June 23, 2010

Freedom and Obedience

by Jake Wilson
Galatians 5:1, 13-26

In Bound to be Free: Evangelical Catholic Engagements in Ecclesiology, Ethics, and Ecumenism Reinhard Hütter notes that speech about freedom often confuses different types of freedom. The freedom of autonomy differs from political freedom which differs still from Christian freedom. Hütter structures his book around three different modes of being free: free to be Church, free to live with God, and free to speak ecumenically. This week, as the congregation hears Paul proclaim “For freedom Christ has set us free” the preacher will do well to help the congregation discover that Paul is boasting of the freedom to be Church.

The Lectionary Epistle reading offers us an amalgamation of verses from Galatians that begins in chapter 5 verse 1, skips 11 verses, and resumes in verse 13. The first verse of chapter 5 is treated variously by different translations and commentaries as either the climax of Paul’s argument against the agitators or the beginning of an ethical exhortation to live out the implications of Paul’s argument (compare for example the different treatments this verse receives in the NRSV and the NIV). The latter seems to be the leaning of the Lectionary given that it separates 5.1 from the preceding verses, skips over 5.2-12 and begins again with Paul’s instructions that the Galatians become servants to one another through love. However, we should be wary of separating 5.1 from the preceding arguments. Without the proper context, and especially with this reading coming so close to the 4th of July holiday the congregation will be tempted to hear Paul speaking of freedom as autonomy or democracy rather than the freedom to be Church.

The first verse of chapter 5 works well as both the climax of the preceding argument and a transition toward life freed to be Church. As the climax to the preceding argument we can see that the freedom that Christ has won for us is freedom from slavery to sin, the elemental spirits of the world (4.3), and the Law (4.9-10; 4.24). Taken as the end of Paul’s larger argument (3.1-4.31) against the necessity of observing the Law, Paul’s opening declaration helps us to name that from which we have been freed.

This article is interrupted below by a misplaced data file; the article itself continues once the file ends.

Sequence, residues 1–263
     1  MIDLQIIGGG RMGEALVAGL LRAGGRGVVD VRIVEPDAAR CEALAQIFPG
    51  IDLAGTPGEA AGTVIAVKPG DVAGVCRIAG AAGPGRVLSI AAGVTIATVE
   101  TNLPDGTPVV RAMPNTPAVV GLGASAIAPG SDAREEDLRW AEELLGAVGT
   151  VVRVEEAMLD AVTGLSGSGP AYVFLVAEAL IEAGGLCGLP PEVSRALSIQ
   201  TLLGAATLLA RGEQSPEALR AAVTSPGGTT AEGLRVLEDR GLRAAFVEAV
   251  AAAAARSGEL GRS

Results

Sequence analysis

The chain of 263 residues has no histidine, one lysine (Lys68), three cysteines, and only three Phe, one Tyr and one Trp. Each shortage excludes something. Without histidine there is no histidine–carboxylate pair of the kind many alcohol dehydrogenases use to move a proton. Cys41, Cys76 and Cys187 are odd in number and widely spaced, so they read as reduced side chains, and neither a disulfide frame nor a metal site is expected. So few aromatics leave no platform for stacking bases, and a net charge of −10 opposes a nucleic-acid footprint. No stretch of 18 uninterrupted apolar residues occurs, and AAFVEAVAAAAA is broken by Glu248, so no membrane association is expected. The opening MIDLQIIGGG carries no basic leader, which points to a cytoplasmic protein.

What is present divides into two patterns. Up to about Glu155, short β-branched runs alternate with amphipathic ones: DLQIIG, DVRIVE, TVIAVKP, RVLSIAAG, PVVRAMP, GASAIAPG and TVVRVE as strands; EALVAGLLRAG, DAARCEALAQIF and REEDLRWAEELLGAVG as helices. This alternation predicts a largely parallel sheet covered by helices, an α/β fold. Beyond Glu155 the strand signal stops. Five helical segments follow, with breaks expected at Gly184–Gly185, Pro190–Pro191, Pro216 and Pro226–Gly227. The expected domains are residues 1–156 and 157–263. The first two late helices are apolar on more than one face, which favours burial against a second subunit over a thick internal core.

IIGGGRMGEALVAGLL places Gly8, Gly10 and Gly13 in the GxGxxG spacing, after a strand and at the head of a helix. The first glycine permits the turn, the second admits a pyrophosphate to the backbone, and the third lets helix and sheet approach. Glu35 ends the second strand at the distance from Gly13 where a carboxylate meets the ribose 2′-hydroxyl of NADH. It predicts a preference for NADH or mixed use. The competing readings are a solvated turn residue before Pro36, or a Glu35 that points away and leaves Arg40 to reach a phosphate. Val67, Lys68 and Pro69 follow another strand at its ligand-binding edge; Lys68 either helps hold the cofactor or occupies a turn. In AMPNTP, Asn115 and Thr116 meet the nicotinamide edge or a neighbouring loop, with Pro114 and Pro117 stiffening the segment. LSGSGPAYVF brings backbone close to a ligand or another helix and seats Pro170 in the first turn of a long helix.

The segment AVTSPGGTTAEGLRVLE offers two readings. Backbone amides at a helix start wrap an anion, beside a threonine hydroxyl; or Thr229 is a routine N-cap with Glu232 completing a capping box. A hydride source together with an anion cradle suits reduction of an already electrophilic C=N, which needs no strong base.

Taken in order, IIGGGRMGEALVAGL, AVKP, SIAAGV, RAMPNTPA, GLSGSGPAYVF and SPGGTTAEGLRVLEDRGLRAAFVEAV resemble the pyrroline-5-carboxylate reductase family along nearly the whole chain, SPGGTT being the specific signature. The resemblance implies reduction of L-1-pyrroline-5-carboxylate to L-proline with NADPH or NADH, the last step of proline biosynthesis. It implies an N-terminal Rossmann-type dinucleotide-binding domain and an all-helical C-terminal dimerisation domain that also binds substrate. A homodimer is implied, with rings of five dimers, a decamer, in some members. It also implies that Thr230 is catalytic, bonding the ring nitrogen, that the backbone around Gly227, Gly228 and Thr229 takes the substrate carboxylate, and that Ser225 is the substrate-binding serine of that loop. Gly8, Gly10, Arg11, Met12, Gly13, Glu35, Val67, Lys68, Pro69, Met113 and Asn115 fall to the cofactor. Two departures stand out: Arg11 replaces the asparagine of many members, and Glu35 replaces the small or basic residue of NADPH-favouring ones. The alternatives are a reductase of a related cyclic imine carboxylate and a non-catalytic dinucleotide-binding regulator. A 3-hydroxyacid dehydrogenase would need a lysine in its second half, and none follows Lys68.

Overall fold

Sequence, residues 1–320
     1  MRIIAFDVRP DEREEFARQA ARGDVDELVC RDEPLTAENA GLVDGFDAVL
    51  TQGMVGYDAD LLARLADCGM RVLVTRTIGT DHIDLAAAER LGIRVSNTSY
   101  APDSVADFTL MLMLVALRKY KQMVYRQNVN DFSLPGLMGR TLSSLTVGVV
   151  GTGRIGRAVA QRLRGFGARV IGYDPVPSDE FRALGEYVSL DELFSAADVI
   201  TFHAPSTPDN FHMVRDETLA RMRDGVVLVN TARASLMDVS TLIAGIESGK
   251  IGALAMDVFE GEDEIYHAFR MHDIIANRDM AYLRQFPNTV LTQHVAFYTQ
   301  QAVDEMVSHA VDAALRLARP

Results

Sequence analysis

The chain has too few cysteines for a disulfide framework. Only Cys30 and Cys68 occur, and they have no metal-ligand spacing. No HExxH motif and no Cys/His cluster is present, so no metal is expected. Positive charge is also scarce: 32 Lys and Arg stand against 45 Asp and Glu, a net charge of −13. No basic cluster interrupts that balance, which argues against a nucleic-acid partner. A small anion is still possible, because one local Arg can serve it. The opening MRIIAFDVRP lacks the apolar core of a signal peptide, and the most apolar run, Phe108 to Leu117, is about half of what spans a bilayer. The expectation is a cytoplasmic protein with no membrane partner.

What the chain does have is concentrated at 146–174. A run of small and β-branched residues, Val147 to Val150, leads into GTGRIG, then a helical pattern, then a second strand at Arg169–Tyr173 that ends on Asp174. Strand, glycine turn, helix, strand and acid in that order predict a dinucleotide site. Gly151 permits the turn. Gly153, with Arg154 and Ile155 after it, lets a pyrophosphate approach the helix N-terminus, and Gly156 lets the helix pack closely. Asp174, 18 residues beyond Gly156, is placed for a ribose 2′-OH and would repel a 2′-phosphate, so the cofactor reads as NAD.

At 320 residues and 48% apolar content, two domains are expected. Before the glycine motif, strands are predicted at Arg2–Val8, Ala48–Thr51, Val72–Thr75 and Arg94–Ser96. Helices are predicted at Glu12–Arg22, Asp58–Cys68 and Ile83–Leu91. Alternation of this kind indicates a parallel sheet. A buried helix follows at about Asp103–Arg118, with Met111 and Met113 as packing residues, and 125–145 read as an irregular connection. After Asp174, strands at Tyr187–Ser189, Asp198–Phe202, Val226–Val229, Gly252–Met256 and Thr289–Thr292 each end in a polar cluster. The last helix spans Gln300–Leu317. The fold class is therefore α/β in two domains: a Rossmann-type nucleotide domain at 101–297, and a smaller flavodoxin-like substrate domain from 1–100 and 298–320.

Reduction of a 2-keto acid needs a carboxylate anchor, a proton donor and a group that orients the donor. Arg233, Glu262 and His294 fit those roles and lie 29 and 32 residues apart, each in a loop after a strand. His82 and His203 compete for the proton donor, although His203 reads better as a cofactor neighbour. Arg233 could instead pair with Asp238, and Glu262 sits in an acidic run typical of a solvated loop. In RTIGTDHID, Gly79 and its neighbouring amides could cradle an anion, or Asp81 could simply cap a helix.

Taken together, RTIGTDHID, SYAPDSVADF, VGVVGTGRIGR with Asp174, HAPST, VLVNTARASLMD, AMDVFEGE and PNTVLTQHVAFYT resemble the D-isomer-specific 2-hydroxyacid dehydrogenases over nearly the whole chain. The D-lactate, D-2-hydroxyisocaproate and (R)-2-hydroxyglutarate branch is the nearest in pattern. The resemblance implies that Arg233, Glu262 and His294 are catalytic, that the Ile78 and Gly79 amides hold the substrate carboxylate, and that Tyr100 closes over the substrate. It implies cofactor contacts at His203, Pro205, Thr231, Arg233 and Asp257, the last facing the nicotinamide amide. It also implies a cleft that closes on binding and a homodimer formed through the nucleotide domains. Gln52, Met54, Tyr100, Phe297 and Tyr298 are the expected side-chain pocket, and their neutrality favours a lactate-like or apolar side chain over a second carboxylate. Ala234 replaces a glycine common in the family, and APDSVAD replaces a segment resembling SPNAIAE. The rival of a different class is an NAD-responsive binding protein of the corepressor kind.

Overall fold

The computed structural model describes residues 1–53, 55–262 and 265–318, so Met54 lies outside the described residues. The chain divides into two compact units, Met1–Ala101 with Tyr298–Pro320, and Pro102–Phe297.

However, the freedom that Christ has won for us is not a purely negative freedom. The agitators were more than likely arguing that apart from the observance of the Law these new Galatian converts were being left with no moral guidance, no markers or directions for their communal life. Despite their deep misunderstandings of the Gospel, these ancient agitators did at least recognize that freedom as autonomy (self-law) could be dangerously destructive to life in community. Paul anticipates this line of argument and responds (“But I say!”) in verses 13-26. This is where 5.1 can be fruitfully considered an introduction to verses 13-26 as Paul’s discourse on life in the Spirit shows us the freedom for which we have been set free.

That Christ has set us free to be Church can be seen in Paul’s contrast between the works of the flesh and the fruits of the Spirit. In verse 13 Paul explicitly states that the freedom Christ has won for us is not freedom for self-indulgence. Paul goes on to list the works of the flesh which include idolatry, hatred, and discord among others. All of these works of the flesh are destructive to life in community and the freedom to be Church. When Paul concludes with a warning that those who engage in such actions will not inherit the Kingdom of God, it can be read not so much a threat of punishment for such actions but rather as a statement of the obvious. Life in the Kingdom of God cannot be sustained by the acts of the sinful nature. There is simply no place for envy, ambition or hatred in the Kingdom to which the Church points.

In contrast to the destructive works of flesh, the freedom to be Church is sustained by the fruit of the Holy Spirit. Love, joy, peace, patience…these are the marks of individuals and communities who live in the freedom that only God can offer. That these gifts are fruits and not works reminds us that they are cultivated in us by the Holy Spirit and not achieved through our own efforts.

Within the Church freedom and obedience are bound together. In the case of our reading from Galatians, freedom to be Church is bound to our being obedient to the on-going work of the Holy Spirit.

The Church is to be that community that is led by the Holy Spirit as evidenced by love, joy, peace, patience, kindness, generosity, faithfulness, gentleness and self-control. Paul ends this section of the letter with the impassioned plea “If we live by the Spirit, let us also be guided by the Spirit.” This week may the people of God hear that a life guided by the Spirit is indeed bound to be free.

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